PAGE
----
It’s hard to unseat an incumbent, especially a four term congresswoman.
But, at least in terms of milking a cow, candidate Marty Grohman, an independent, did just that during Sunday’s Political Pull at the Windsor Fair. Grohman, who grew up on a Jersey dairy farm in Carthage, filled a pail with about a gallon of milk and handily bested all the opposition, including U.S. Rep. Chellie Pingree, a Democrat, to take home the blue ribbon at the good-spirited, bipartisan gathering.
The annual milking contest seemed like an oasis of civility and fun in the tense, fractious political climate prevalent both state and nationwide. If politicians found they could only get ounces of milk out of recalcitrant cows, no damage was done — except to their pride.
Still, for Grohman, the personal stakes were high. After all, his mother, Joann Grohman, literally wrote the book on small-scale dairy farming, 1976’s “Keeping a Family Cow.”
“I grew up hand-milking,” Grohman said. “I wouldn’t have missed it.”
He was one of about 20 politicians who came to the Political Pull, which is the best turnout ever, organizers said. Although it is a lighthearted event, there is a deeper message, according to Windsor Fair President Tom Foster.
“We want to remind our politicians not to forget agriculture,” he said.
For Pingree, a former Political Pull blue ribbon winner, agriculture is close to her heart. She has worked as a small, organic farmer and serves now on the House agriculture appropriations subcommittee. Prior to taking her turn next to one of the dairy cows raised by 4H members, though, she tried to downplay her milking experience.
“I haven’t done this for quite a few years,” said Pingree, who ultimately came in third. “It seemed like it was time to come back.”
She waited with politicians from around the state, including Maine Attorney General Janet Mills, the Democratic candidate for governor, and plenty of Republicans, including state Rep. Matt Pouliot, R-Augusta, who is running for Maine Senate. He was wearing a T-shirt he had purchased that day from a fair vendor that read: “Milk Cows Not Maine Taxpayers.”
“I found it when I walked in and said, ‘I’ve got to have this,’” Pouliot said, adding that he enjoys the spirit of the Political Pull. “Doing things like this, when we come together in this kind of convivial environment, I think that is a really nice thing to do.”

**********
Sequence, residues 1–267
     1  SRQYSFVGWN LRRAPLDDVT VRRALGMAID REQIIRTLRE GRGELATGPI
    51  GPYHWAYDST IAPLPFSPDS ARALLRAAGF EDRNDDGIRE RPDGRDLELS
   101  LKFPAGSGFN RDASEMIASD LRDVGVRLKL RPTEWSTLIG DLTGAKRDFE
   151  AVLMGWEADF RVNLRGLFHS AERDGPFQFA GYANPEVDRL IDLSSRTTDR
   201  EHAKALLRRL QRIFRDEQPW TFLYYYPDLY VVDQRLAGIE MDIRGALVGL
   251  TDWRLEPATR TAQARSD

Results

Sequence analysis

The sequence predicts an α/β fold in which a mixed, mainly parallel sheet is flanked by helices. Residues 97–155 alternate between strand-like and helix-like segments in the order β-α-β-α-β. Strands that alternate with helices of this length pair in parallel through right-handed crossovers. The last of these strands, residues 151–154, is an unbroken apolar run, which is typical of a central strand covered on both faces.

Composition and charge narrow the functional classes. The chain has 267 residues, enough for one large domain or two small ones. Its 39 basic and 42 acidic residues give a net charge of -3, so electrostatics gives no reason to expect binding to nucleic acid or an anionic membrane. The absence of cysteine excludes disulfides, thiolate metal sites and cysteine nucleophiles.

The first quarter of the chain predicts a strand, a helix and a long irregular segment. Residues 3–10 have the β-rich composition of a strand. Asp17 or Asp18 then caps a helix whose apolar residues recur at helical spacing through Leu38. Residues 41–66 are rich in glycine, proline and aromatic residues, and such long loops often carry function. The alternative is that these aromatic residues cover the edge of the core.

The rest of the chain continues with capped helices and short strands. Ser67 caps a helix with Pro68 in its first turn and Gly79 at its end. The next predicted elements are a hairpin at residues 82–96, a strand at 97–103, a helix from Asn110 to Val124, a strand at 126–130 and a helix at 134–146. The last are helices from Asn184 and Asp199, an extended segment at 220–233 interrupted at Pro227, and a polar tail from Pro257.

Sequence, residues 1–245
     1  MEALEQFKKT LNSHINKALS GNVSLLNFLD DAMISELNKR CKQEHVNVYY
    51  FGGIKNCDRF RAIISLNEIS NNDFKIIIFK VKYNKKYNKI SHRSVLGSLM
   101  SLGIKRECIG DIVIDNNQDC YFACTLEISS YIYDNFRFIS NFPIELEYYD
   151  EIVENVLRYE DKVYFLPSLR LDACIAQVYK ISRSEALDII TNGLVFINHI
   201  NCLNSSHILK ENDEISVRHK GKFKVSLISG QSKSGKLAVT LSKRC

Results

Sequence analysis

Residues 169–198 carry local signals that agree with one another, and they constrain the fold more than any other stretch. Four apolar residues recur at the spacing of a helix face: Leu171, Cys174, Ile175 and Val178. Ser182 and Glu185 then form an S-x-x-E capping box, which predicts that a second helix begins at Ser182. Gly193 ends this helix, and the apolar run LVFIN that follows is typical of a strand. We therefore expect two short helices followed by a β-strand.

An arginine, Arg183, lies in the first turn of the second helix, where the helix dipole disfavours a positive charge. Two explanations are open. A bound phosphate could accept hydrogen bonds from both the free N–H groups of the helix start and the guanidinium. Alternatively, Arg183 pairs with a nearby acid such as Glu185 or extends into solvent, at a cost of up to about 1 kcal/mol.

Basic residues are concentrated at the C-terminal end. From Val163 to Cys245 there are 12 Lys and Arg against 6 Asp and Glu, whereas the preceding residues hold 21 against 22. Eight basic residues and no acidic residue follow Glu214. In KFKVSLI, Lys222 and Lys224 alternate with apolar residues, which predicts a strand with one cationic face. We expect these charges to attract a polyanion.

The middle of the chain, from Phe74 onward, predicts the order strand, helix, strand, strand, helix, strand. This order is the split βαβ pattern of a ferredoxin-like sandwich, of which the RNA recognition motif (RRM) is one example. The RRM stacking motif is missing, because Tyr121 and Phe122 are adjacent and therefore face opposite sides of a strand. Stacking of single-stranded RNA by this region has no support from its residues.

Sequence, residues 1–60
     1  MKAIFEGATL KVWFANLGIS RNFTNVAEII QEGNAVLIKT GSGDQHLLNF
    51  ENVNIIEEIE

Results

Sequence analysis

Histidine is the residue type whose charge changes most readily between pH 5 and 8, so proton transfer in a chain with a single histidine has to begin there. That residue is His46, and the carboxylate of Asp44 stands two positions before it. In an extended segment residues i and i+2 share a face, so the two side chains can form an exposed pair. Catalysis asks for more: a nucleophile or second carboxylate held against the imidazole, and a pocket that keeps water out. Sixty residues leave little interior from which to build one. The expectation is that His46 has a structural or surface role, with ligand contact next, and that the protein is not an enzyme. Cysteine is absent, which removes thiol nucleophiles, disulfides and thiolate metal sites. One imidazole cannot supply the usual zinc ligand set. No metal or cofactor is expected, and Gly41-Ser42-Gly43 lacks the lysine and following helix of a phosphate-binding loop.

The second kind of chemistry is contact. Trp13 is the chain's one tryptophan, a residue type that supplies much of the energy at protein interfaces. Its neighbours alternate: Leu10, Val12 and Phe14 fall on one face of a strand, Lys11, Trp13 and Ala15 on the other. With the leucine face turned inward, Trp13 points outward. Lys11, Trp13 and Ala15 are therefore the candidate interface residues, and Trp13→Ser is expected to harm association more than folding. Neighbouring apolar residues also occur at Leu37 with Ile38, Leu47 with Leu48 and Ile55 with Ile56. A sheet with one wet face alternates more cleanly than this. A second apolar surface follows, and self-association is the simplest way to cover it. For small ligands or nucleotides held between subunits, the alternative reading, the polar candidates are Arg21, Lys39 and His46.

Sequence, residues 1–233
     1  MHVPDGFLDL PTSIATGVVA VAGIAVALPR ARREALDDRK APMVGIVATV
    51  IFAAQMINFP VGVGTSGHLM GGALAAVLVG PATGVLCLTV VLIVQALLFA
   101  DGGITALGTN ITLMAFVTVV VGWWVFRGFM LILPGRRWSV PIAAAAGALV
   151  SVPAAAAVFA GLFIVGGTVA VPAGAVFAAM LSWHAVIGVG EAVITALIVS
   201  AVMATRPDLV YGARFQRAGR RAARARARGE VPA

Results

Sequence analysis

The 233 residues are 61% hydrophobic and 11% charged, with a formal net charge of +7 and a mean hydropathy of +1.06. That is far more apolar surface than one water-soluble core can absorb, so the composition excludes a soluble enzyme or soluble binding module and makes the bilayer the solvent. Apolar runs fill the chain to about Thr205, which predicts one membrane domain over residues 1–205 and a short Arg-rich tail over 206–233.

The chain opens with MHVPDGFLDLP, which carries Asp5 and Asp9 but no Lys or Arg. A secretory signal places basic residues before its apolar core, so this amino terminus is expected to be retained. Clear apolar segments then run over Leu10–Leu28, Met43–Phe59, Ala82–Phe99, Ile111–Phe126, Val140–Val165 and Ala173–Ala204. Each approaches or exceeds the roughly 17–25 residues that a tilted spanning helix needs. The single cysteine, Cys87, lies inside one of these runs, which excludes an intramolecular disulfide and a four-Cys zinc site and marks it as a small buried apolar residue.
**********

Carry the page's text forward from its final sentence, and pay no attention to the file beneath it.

Sen. Dana Dow, R-Waldoboro, who is seeking re-election, runs a furniture store, not a farm, he said. He wasn’t expecting to take home any prizes, but he likes coming to chat and meet people.
“I don’t know anything about cows,” he said. “But I told them I can milk a half cup as good as anybody. It’s just fun. You never know who’s going to be here.”
Mills also stayed modest about her experience and expectations.
“I’m going to give it a hand, as they say,” she said. “It’s been a long time.”
Master of ceremonies Bill Bridgeo, the city manager of Augusta, kept the politicians laughing as officials slowly tallied up the ounces milked to determine the day’s winners.
“Janet said, ‘let’s start relying on ranked-choice voting to get this squared away,’” he said. “We could be here a couple of weeks.”
But in seriousness, he said, other deliberative bodies could take some lessons from the Political Pull.
“The goal would be to get Congress and the Maine Legislature to work together as well as the participants in the cow milking contest,” Bridgeo said. “I would say as a guy who grew up in Aroostook County and loves this state, this is the type of thing that epitomizes what’s good about us. To see Republicans, Democrats, independents enjoying the spirit of the event — we can all take a lesson about the importance of civility.”
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